During the 2008 U.S. presidential campaign, she protested attempts to portray Obama as a foreigner to the United States or as a Muslim, saying that while Obama's grandfather had been a Muslim, "In the world of today, children have different religions from their parents."[80] Sarah Obama is "a strong believer of the Islamic faith", in her words.[2]
In November 2014, Sarah Obama received an award from the United Nations for the work of an education foundation that she heads, as a part of Women’s Entrepreneurship Day.[2][2]

Kezia Obama

(Also known as Kezia Aoko[2] and as "Grace," she was born c. 1940.[2][2]) She is Barack Obama Sr.'s first wife; she married him in Kenya in 1954 before he studied abroad in the United States. They had at least two children together: Abongo [Roy] and Auma; and she has also claimed Bernard and Abo Obama as sons by Barack Sr.
She lives in Bracknell, Berkshire, England.[102][103] On March 22, 2009, Kezia Obama made a guest appearance on the British television show Chris Moyles' Quiz Night.[2] Her sister, Jane, is the 'Auntie Jane' mentioned at the very start of Dreams from My Father; she telephoned Obama in the US in 1982 to tell him that his father had been killed in a car accident in Kenya.[2]

Malik Obama

Barack Obama's half-brother, also known as Abongo or Roy, was born c. March 1958,[102] the son of Barack Obama Sr. and his first wife, Kezia.[107] Malik Obama was born and raised in Nairobi, Kenya.[108] He earned a degree in accounting from the University of Nairobi.[2] The half brothers met for the first time in 1985[108] when Barack flew from Chicago to Washington, D.C., to visit Malik.[2] Malik and his half-brother Barack were best men at each other's weddings.[108] Barack Obama brought his wife Michelle to Kenya three years later, and they met with Malik again while meeting many other relatives for the first time.
Although much of the Obama family has dispersed throughout Kenya and overseas, most, including Malik Obama, still consider their rural village on the shores of Lake Victoria to be their true home. They feel that those who have left the village have become culturally "lost".[110] A frequent visitor to the United States, and a consultant in Washington, D.C., for several months each year,[108] Malik settled in the Obamas' ancestral home, Nyang'oma Kogelo, a village of several hundred people. He prefers its slow pace to that of the city.[108] He runs a small electronics shop a half-hour's drive outside of town.[108]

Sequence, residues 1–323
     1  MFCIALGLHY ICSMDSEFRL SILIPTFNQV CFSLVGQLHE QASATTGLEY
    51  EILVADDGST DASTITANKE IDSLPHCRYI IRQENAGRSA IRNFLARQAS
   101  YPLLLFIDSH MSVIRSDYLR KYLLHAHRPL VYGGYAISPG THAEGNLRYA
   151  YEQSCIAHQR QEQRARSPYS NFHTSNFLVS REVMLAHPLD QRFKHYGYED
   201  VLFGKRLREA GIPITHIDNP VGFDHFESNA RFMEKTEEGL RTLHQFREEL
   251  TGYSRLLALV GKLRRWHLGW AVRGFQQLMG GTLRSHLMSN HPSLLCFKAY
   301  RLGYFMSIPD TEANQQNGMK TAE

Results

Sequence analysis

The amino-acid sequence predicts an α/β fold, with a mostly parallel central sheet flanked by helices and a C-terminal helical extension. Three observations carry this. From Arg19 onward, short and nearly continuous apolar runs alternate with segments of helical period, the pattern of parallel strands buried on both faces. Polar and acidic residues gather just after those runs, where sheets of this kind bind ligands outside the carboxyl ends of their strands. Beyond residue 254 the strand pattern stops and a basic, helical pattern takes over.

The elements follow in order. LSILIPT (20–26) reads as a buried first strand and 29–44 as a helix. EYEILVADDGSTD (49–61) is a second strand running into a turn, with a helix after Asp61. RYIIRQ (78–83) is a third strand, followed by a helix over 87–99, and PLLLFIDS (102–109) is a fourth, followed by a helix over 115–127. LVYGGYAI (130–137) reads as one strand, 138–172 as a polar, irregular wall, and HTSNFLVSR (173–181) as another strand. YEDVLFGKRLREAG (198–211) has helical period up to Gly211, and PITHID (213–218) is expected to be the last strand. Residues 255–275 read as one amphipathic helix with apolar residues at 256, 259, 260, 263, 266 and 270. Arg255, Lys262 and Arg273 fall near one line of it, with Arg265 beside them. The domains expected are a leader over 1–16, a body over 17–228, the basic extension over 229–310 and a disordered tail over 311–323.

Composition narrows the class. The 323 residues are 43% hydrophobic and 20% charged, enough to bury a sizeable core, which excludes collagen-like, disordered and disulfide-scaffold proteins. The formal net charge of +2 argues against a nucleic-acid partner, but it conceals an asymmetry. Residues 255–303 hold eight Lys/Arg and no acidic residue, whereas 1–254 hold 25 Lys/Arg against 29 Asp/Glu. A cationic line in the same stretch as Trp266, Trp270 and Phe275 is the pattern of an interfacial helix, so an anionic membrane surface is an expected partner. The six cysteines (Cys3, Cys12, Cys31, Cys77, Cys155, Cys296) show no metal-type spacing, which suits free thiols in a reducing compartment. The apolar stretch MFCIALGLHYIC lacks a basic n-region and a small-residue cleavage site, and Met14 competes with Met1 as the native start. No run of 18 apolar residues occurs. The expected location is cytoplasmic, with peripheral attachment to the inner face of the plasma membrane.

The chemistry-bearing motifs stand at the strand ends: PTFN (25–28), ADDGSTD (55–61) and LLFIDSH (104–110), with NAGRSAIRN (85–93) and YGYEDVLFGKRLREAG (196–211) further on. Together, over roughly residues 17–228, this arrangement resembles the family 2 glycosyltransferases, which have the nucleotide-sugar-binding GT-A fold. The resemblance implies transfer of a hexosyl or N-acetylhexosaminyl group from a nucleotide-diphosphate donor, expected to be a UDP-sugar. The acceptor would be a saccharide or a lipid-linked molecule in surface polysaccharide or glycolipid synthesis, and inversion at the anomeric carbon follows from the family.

During his brother's presidential campaign, Malik Obama was a spokesman for the extended Obama family in Kenya. He dealt with safety and privacy concerns arising from the increased attention from the press.[2] He ran for governor of the Kenyan county of Siaya in 2013,[2] and was defeated by a wide margin.[2] In the 2016 Presidential Election, Malik said he is voting for Donald Trump and was critical of his brother's presidency. [186]




Auma Obama

Barack Obama's half-sister, born c. 1960, to Kezia, his father's first wife.[113] As of July 2008, she was a development worker in Kenya.[114] She studied German at the University of Heidelberg from 1981 to 1987. After her graduation at Heidelberg, she went on for graduate studies at the University of Bayreuth, earning a PhD degree in 1996. Her dissertation was on the conception of labor in Germany and its literary reflections.[114]
Auma Obama has lived in London. In 1996 she married an Englishman, Ian Manners, although they have since divorced.[2] They have a daughter named Akinyi (b. 1997).[114][2] In 2011, Auma Obama was interviewed for Turk Pipkin's documentary Building Hope and was the subject of a German documentary film The Education of Auma Obama.

Abo Obama

Barack Obama's alleged half-brother, also known as Samson Obama,[2] born 1968 to Kezia Obama. In Dreams from My Father, Obama wrote that his Obama relatives doubt that Abo and Bernard are the biological sons of Barack Obama Sr. Abo is a mobile phone shop manager in Kenya.[2]

Bernard Obama

Barack Obama's alleged half-brother, born 1970 to Kezia Obama. Dreams from My Father states that the Obama family doubt Abo and Bernard are the biological sons of Barack Obama, Sr. He had been an auto parts supplier in Nairobi, Kenya, and has one child. Bernard converted to Islam as an adult and has said: "I'm a Muslim, I don't deny it. My father was raised a Muslim. But it's not an issue. I don't know what all the hullabaloo is about."

Ruth (Baker) Ndesandjo

Born Ruth Beatrice Baker in the United States around 1937, the daughter of Maurice Joseph Baker and Ida Baker of Newton, Massachusetts, who are of Lithuanian Jewish descent. Ruth Baker was a 1954 graduate of Brookline High School in Brookline, Massachusetts, and a 1958 graduate of Simmons College in Boston with a degree in business. She was a suburban elementary school teacher when she met and began dating Barack Sr. in Cambridge in June 1964, a month before his return to Kenya in August 1964. She followed Obama Sr. back to Kenya five weeks later, and married him in Kenya in a civil ceremony on December 24, 1964. She later became a private kindergarten director in Kenya.[2] She had two sons with Barack Obama Sr.: Mark and David. She and Barack Sr. separated in 1971 and divorced about 1973. Since she remarried when her sons were young, they took their stepfather's surname, Ndesandjo, as their own. Her third son, Joseph Ndesandjo, was born c. 1980 in her second marriage.

Mark Okoth Obama Ndesandjo

Barack Obama's half-brother, born c. 1965, son of Barack Obama Sr. and his third wife Ruth Baker.[2] Mark Ndesandjo runs an Internet company called WorldNexus that advises Chinese corporations how best to reach international customers.[2] Mark was educated in the US, graduating from Brown University; he studied physics at Stanford University, and received an MBA degree from Emory University.[122]